If you watch the news or even Law and Order, you’ve seen images of the police or FBI raiding a target’s home or office and seizing laptops or smartphones for forensic examination. I only handle civil litigation, where we don’t really get to do that.
Clients sometimes wonder about this when they get sued. Is somebody going to confiscate my phone? Can they search my Gmail without me even knowing it?
The short answer is no, that’s not how it usually works in civil litigation. Unlike criminal cases, the civil litigation system generally relies on the parties themselves to produce documents. You send a “request for production” to the other side, they make a bunch of objections, you argue about the objections, and then the other side produces documents.
Generally, you don’t get to go to the other party’s office or home and rummage through their file cabinets looking for relevant documents.
It didn’t necessarily have to be like that. The lack of “direct access” in civil discovery is a policy choice. There’s an obvious downside: depending on a litigant to produce documents that will hurt that litigant’s case creates a danger that relevant documents will be withheld. (Lawyers sometimes joke about the “bad document” exception to discovery.) But in civil litigation, we’ve chosen to balance that risk against the disruption and invasion of privacy that direct access would cause.
The same principle applies to documents in electronic form. So, generally we don’t allow civil litigants to demand “direct access” to the other party’s computer, smartphone, or other electronic device.
I say “generally,” because of course there are exceptions. You can get direct access in civil discovery under some circumstances.
There is plenty of guidance from the Texas Supreme Court on this, including In re Weekley Homes, 295 S.W.3d 309 (Tex. 2009), and In re Shipman, 540 S.W.3d 562 (Tex. 2018). I covered this in “Direct Access” to Computers in Departing Employee Litigation.
In the simplest terms, the guidance from SCOTX is this: to get direct access through discovery, you have to show that the other party has somehow defaulted on its discovery obligations, and that lesser means of curing the default would be inadequate.
An End Run Around Weekley Homes?
That’s a tough standard to meet. But there’s a potential way to get around this: ask for direct access through a temporary restraining order (TRO) or temporary injunction.
(For non-lawyers, a TRO is an emergency order that typically lasts only a couple weeks, until the court can hold a temporary injunction hearing, which is like a mini-trial. A temporary injunction lasts until the case goes to trial. In federal court it is called a preliminary injunction.)
You see, the Weekley Homes standard technically does not apply to a TRO or temporary injunction. At least that’s what one Texas Court of Appeals recently said.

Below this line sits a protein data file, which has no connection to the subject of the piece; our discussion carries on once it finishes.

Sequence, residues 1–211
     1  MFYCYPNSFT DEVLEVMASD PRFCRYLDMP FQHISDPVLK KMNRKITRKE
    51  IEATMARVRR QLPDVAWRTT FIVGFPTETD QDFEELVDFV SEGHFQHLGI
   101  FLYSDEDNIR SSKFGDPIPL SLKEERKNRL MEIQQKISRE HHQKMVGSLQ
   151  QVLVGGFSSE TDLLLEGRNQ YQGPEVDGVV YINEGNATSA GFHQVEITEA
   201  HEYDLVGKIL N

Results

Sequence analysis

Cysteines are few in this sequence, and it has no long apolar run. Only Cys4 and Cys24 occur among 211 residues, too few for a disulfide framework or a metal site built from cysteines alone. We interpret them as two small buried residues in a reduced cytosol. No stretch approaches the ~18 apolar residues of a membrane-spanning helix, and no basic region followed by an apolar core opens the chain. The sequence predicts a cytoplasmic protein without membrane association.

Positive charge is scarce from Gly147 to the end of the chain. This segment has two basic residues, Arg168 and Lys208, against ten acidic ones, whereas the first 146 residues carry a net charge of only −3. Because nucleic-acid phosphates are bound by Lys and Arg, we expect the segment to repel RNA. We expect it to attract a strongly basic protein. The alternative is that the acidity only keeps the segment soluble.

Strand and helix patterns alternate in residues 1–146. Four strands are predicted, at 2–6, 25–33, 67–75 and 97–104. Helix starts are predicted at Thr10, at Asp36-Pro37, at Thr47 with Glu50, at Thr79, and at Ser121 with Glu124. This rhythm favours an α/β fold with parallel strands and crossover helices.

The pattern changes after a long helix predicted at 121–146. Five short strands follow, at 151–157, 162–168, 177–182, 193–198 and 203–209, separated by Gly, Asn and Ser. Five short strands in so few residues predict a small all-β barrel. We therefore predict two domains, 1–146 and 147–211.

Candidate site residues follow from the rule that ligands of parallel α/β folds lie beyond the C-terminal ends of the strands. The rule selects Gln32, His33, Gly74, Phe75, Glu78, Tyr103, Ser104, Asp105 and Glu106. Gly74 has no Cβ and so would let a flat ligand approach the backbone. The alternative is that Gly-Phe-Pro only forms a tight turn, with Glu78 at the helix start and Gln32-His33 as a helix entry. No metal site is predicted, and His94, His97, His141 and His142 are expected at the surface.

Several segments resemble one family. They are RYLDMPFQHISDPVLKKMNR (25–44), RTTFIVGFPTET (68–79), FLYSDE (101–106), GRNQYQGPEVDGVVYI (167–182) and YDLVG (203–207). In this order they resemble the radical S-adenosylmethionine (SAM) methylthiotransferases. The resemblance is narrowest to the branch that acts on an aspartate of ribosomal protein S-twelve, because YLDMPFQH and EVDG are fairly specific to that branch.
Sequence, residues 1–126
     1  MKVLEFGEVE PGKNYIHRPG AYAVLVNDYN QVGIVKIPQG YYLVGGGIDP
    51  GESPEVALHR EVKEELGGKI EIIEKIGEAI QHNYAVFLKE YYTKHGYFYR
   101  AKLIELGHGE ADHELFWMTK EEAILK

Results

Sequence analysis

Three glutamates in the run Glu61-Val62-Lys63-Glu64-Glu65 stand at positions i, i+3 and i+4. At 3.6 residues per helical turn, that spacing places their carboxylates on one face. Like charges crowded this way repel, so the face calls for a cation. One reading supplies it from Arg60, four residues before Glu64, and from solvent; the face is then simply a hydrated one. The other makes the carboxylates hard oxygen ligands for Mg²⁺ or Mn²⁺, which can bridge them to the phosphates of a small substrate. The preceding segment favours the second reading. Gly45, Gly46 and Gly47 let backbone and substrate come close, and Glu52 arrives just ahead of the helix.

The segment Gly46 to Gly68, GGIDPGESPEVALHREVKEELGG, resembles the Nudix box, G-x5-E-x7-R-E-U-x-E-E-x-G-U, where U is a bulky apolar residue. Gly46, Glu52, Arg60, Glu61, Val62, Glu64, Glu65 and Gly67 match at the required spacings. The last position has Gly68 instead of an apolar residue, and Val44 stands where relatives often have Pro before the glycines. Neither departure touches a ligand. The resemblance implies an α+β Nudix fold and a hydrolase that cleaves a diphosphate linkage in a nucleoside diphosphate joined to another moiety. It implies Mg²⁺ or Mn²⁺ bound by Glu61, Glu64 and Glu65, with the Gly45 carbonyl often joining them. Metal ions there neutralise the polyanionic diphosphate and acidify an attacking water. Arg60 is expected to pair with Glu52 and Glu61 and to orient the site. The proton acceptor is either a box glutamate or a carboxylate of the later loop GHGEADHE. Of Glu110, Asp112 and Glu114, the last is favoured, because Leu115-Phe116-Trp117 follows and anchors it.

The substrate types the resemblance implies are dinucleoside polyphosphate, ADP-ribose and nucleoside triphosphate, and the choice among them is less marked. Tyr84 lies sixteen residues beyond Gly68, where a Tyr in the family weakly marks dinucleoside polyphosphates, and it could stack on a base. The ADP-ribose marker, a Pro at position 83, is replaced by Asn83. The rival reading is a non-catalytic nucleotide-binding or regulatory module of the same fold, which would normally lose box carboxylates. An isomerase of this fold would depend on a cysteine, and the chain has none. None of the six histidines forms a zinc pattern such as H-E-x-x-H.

That means we’re going to see a lot of requests for direct access through TROs or temporary injunctions, especially in departing employee lawsuits, the focus of my law practice.
The problem is that some lawyers and judges seem to think that direct access orders should be routinely granted in any case where a company claims its former employee took confidential information or violated a non-compete. That’s wrong. A TRO is supposed to be an “extraordinary” remedy, and the risk of getting direct access wrong in a TRO is high.
But what is the standard for granting direct access through a TRO or temporary injunction?
The current standard is essentially “it’s within the trial court’s discretion.”
This is a problem. Texas judges need more specific guidance on when to grant a TRO or temporary injunction allowing direct access, especially in departing employee litigation.
The Wolfe Standard for Direct Access Orders
Never fear, your friendly neighborhood thought leader is here. I propose the following general rules for direct access orders in departing employee lawsuits:
1. A direct access order should almost never be granted in an ex parte TRO hearing (a hearing where only the party seeking the TRO is present).
2. Even in a TRO hearing where the defendant’s lawyer is present, a direct access order should very rarely be granted.
3. The standard in a TRO hearing should be this: is there evidence of some imminent emergency that will cause actual irreparable harm if the judge postpones a decision on direct access to a temporary injunction hearing, which can be held as soon as a few days later.
4. At the temporary injunction hearing, the standard for granting direct access should be this:
a. Has the plaintiff presented evidence to make at least a prima facie case that specific confidential information on the device meets the legal definition of a trade secret?
b. Is there evidence the defendant has already spoliated evidence by altering or deleting potentially relevant documents?